|Place||North Canton (Ohio); Stark County (Ohio)|
|Submitting Institution||North Canton Public Library|
|Rights||This item may have copyright restrictions. Online access is provided for research purposes only. For rights and reproduction requests or more information, go to http://www.ohiohistory.org/images/information|
|Submitting Institution||North Canton public Library|
|File Size||612313 Bytes|
ALL THE REAL NEWS AND SPECIAL
FEATURES CAREFULLY EDITED
READ BY BRIGHT PEOPLE
IT SHINES FOR ALL THE PEOPLE IN
NORTHERN STARK COUNTY
READ BY BRIGHT PEOPLE
VOL. 14—-NO. 40.
An Independent Newspaper That Plays No Favorites Among Advertisers or Subscribers, and With One Price To All
NORTH CANTON, STARK COUNTY, OHIO. WEDNESDAY AUGUST 5, 1936.—SIX PAGES
$2.00 PER YEAR.
ROLL ALONG MERRILY
IN COM. BLDG. BIG BUS
Groups of Boys Living In North
Canton Accept Liberal Offer of
■Officials To See Points of In-
■ -terest In Seweral States At
Extremely Low Figure.
WISIT NATIONAL FORESTS
Do you have ssnine place that you
-■want to go camping in the Community Building's new bus? A large
number of other ..people have, and
they are trying ito get enough others
to join them who would enjoy the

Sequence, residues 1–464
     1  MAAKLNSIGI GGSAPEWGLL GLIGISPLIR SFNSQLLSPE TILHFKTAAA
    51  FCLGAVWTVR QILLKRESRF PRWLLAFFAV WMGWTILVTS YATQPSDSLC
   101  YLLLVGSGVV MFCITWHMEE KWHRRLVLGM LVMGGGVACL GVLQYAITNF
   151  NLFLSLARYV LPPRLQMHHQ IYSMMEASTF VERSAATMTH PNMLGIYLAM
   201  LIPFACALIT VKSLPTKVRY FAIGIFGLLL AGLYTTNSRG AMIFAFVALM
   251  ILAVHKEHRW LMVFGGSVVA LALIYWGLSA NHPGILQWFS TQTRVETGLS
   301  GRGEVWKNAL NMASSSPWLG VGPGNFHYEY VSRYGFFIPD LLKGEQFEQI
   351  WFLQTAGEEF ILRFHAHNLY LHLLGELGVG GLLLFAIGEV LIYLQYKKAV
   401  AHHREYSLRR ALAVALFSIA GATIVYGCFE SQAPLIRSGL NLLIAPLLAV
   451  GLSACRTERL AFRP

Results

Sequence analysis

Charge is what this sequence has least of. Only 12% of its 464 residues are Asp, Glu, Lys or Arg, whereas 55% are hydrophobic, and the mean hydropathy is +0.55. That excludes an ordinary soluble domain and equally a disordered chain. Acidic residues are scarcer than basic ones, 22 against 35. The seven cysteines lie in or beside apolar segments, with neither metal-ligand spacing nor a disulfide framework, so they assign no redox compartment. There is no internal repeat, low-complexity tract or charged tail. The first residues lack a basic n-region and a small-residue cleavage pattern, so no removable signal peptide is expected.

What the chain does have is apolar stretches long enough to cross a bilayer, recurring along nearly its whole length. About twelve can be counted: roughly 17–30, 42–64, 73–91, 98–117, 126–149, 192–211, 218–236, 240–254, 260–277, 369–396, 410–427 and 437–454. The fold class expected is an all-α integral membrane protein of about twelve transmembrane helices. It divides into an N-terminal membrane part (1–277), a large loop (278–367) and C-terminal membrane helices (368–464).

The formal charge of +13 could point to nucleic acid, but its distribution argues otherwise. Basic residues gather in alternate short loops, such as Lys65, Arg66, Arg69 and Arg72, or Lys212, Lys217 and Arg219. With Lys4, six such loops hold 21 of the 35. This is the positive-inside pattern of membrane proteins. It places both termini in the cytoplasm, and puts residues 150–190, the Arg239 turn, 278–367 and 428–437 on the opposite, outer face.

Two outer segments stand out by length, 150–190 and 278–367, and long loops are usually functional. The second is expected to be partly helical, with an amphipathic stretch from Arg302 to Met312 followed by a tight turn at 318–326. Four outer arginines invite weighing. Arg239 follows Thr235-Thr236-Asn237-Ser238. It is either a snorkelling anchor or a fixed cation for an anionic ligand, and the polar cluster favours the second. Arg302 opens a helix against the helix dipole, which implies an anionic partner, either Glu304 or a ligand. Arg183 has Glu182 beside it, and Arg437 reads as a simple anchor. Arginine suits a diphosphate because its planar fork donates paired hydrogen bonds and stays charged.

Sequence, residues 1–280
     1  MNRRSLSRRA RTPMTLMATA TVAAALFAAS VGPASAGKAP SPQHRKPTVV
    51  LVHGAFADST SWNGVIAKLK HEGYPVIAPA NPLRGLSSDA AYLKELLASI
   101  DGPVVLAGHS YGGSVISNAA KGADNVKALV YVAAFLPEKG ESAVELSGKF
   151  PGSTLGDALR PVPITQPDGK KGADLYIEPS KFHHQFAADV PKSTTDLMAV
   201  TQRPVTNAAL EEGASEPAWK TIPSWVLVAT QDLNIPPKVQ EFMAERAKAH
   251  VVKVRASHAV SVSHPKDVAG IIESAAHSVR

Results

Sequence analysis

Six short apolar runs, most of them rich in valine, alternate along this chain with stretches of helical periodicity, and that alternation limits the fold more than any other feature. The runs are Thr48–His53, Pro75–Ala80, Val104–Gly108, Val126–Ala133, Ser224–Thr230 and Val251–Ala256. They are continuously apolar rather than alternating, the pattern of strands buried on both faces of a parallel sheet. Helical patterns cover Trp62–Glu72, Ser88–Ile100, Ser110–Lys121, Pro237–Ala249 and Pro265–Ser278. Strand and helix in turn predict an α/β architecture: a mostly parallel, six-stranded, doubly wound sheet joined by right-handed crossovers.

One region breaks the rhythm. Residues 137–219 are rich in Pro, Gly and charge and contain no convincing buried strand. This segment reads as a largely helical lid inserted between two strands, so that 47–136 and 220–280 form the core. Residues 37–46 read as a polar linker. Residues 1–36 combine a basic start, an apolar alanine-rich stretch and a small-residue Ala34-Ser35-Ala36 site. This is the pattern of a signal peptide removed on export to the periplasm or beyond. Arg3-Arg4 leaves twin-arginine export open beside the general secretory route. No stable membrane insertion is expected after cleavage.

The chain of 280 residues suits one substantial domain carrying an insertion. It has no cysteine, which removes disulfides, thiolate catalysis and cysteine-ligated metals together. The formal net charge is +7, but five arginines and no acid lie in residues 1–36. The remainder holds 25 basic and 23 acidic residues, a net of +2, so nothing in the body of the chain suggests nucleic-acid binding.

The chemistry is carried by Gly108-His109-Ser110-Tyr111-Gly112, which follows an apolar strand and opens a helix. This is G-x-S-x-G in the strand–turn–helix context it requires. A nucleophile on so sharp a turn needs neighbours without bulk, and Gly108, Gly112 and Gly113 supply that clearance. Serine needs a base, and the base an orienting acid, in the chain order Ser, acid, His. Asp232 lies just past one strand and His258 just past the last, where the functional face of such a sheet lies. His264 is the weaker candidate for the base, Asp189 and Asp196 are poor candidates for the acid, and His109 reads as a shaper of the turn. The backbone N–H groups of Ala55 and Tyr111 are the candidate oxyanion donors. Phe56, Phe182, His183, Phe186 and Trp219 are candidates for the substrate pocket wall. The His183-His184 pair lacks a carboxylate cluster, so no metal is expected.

same kind of .outing.
One of these groups is on its way
now. They .left Tuesday morning
(August 4) to camp in Cook's State
Forest, Pennsylvania. Their trip will
include a -hi^'s travel in the Allegheny National -Forest with a United
Stales Ranger as a guide.
The next week about 18 more boys
of the same age will be making the
same trip. There are three or four
more places left in this party, but
when the boys return this week with
their exciting stories, we feel there
will be more boys who will want to
go than we; can accommodate, so you
had better register at the Community
Building now if you want to go. The
boys who will go on this trip are 9
to 12 years of age.
Other Trips Scheduled
Other trips that have been suggested by different people have been -a!
trip to ihe Mohican River near.Mt.
Vernon Hot boys from 12 to 15 years
on the days of August 18, 19, 20; a
young men's trip to Sandusky Bay